Gasoline is not a cheap good so drivers are always looking for every way possible to save money at the pump. Many already tend to move away from premium fuel, knowing that most cars do not require it. People even save a few pennies per gallon more by going to an off-brand gas station. However in a world where price = quality (in most cases) could cheap gas going to damage your car’s engine?
Edmunds.com recently posed this question to experts in several fields, including an automotive engineer at a major carmaker, gasoline manufacturers and two engineers with the American Automobile Association (AAA). They concluded that well…you can stop worrying about cheap gas it doesn’t mean a thing.
Advances in engine technology have made it so a car’s onboard computer is able to adjust for the inevitable variations in fuel, so most drivers won’t notice a drop off in performance between different brands of fuel, from the most additive-rich gas sold by the major brands to the bare-bones stuff at your corner quickie mart. While spending a few extra pennies per gallon might provide peace of mind to someone who just purchased a new car and wants to keep it as long as possible, those with older cars might not be as concerned.
Here’s the thing, follow common sense and buy the cheapest gas that is closest to you. Now, this doesn’t necessarily mean that all gas is the same, even though it starts out that way. The fuel from different filling stations comes from a common source: the “base gas” from a refinery. The Environmental Protection Agency mandates that additives be mixed into the base gas in order to clean a car’s engine and reduce emissions. Then, the different gas companies — both off-brand and major brands — put their own additive packages in the gas to further boost both cleaning and performance.
A key difference is that the major brands put more additives in their gas and claim to have some secret ingredients. This extra shot of additives provides an additional level of cleaning and protection for your engine. However, this extra helping of additives is a luxury as it’s not like any of the fuels are totally junk. Yes, some automakers and oil companies believe that the amounts of government-required additives are not enough to protect engines. In response, they have created a “Top Tier” gasoline designation. Meaning more and better additives.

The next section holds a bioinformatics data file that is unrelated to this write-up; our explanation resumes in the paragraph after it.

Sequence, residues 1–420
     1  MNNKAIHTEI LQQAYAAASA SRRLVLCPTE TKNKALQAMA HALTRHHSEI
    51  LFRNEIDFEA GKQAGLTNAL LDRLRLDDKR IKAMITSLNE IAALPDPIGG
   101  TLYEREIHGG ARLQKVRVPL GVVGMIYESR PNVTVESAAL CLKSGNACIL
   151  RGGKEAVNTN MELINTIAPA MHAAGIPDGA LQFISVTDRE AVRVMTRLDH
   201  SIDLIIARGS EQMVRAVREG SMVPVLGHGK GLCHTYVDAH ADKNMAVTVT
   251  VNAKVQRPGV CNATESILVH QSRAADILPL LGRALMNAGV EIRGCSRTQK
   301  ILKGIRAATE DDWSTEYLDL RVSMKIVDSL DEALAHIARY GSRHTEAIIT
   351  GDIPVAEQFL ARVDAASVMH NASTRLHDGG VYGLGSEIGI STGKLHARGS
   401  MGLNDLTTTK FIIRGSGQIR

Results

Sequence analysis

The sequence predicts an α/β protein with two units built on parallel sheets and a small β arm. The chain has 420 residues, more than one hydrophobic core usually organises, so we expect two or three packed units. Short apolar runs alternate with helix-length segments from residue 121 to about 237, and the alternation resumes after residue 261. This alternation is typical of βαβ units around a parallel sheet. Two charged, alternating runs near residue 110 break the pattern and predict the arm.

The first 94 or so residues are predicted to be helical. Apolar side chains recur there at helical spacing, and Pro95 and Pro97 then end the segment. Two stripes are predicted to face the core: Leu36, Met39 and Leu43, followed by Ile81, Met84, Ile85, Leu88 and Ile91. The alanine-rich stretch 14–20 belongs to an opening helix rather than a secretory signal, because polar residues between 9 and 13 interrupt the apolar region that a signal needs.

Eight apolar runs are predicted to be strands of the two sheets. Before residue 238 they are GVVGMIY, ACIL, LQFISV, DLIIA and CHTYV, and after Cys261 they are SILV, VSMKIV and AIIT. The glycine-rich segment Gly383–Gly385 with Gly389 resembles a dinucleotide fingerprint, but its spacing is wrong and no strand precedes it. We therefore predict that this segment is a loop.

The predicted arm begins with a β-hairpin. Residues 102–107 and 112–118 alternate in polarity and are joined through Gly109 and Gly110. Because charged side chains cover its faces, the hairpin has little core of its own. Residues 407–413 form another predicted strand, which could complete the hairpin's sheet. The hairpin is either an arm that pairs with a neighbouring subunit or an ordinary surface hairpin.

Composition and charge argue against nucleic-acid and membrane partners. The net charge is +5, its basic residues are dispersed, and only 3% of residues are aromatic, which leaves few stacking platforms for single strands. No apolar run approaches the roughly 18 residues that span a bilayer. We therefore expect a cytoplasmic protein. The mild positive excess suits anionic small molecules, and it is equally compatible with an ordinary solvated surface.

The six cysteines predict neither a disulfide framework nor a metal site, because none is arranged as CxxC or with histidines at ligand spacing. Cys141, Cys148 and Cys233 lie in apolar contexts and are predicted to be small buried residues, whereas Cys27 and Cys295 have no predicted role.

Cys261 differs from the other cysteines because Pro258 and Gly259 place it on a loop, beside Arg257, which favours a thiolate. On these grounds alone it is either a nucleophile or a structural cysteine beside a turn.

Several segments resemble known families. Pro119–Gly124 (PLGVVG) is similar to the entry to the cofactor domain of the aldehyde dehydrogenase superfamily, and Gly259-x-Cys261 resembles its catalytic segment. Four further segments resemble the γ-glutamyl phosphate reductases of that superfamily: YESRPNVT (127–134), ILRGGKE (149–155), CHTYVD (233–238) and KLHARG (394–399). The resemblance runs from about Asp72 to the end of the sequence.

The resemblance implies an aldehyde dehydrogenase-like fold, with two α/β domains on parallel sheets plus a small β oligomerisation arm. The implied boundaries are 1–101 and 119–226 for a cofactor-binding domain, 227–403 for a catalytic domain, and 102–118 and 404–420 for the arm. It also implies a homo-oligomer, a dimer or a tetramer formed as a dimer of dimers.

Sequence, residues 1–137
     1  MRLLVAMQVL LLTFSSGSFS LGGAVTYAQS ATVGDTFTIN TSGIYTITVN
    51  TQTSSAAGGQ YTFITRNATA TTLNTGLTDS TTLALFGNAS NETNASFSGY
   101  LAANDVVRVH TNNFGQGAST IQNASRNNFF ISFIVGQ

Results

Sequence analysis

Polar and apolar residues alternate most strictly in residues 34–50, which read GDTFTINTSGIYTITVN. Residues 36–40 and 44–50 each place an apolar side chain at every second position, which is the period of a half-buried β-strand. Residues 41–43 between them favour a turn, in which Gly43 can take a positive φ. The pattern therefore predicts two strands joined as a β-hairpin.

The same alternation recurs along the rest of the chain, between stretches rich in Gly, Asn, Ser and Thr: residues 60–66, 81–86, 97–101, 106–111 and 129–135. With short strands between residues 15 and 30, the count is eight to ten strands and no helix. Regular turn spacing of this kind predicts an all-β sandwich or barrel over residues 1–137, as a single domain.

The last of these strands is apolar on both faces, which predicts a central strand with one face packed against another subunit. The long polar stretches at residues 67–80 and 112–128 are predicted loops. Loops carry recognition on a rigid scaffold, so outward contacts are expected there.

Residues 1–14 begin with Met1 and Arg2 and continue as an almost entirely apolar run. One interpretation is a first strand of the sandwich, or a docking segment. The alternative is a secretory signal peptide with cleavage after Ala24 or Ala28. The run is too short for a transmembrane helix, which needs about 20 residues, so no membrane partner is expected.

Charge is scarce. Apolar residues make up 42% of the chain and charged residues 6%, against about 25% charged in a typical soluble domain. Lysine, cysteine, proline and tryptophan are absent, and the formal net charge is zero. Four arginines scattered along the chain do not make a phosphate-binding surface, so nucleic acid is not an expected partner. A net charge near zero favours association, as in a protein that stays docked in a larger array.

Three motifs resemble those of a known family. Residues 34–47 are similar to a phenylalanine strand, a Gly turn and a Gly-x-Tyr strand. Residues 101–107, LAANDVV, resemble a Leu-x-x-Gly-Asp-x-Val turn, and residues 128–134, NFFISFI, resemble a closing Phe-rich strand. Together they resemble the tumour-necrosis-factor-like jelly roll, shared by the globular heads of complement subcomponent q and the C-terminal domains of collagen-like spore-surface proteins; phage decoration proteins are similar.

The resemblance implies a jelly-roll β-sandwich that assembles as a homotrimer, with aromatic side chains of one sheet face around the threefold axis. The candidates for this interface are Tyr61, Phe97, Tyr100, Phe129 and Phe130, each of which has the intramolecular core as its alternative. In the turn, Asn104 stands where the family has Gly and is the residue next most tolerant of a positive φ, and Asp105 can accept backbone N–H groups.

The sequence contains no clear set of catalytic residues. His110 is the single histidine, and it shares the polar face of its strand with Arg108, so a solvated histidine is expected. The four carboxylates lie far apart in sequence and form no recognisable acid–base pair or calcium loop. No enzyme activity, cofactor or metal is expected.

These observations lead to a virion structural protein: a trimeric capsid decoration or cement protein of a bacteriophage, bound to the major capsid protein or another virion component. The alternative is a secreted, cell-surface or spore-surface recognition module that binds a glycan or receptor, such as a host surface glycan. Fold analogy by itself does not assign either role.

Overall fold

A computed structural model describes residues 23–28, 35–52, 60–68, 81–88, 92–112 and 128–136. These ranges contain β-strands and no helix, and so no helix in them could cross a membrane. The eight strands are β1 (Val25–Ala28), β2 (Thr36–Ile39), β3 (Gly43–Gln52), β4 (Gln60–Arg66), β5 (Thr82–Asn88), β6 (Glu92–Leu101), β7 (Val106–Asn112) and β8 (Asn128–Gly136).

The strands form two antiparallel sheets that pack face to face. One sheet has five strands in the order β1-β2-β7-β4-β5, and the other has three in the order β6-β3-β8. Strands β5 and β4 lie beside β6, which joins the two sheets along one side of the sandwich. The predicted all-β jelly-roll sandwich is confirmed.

You should look in car’s owner’s manual to see what the car maker recommends and, when possible, follow that guideline. People who are still concerned about gasoline quality can look online if any company has performed independent testing to substantiate claims.
Major oil companies spend millions of dollars to convince buyers that their gas is better than competitors by creating ads that feature smiling cartoon cars, lab-coated nerds and sooty engine valves. In the end it’s all just a marketing gimmick. However, you should take note that not everyone is keen to talk about gasoline quality and whether additives really make the difference. Edmunds once sought comment from one well-known seller of low-price gas: Arco. Arco also often finds itself targeted as being a lower-quality product. BP, Arco’s parent company, did not respond to Edmunds’ interview request.
Meanwhile, the Auto Club’s Mazor was more forthcoming, and has some interesting results from a blind test they did on three samples of gasoline from both major and independent gas stations.
“We tested emissions, fuel economy and performance and we could not tell the difference,” they reported.
The truth of the matter is that 20+ years ago, only premium fuel had detergents in it. Back in the day it was beneficial to occasionally buy a tank of high-test gas to clean the engine. Regulations were very lax and there was little enforcement however that has pretty much completely changed.
Randy Stephens, chief engineer for Toyota’s Avalon, is one of those who are not wholly convinced by the claims of engine protection afforded by higher-priced gas. He says fuel experts at his company study the effects of different brands of gas on the Toyota engines. Automotive engineers disassemble engines after 10,000 miles of running them on different brands of gas to see if there is a difference. Nevertheless, even Stephens admits to being “swayed” by ads that tout cleaning agents. Twice a year he adds a bottle of Chevron U.S.A. Inc.’s Techron — the same additive that’s in Chevron gasoline — to the fuel tank of his personal car.
So is higher-priced gas better? Unfortunately the answer is a big “maybe.” If you follow what is recommended by your vehicle manufacturer you should be fine, even still, the EPA guidelines do ensure that even the cheapest gasoline is up to universal safety and quality standards, the rest are a luxury and completely up to you.